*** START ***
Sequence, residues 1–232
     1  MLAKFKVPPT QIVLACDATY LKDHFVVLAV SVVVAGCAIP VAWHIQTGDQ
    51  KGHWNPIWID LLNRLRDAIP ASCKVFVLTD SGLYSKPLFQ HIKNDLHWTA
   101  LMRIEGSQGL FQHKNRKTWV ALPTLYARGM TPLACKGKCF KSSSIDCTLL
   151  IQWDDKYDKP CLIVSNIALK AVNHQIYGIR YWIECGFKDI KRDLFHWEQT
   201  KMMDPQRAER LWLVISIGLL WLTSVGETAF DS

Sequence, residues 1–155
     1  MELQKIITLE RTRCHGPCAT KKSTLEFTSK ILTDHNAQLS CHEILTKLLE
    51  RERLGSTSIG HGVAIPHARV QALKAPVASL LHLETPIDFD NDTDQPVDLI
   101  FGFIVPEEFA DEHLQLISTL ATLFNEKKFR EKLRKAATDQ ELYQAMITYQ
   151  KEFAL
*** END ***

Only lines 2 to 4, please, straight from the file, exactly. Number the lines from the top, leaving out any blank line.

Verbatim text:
     1  MLAKFKVPPT QIVLACDATY LKDHFVVLAV SVVVAGCAIP VAWHIQTGDQ
    51  KGHWNPIWID LLNRLRDAIP ASCKVFVLTD SGLYSKPLFQ HIKNDLHWTA
   101  LMRIEGSQGL FQHKNRKTWV ALPTLYARGM TPLACKGKCF KSSSIDCTLL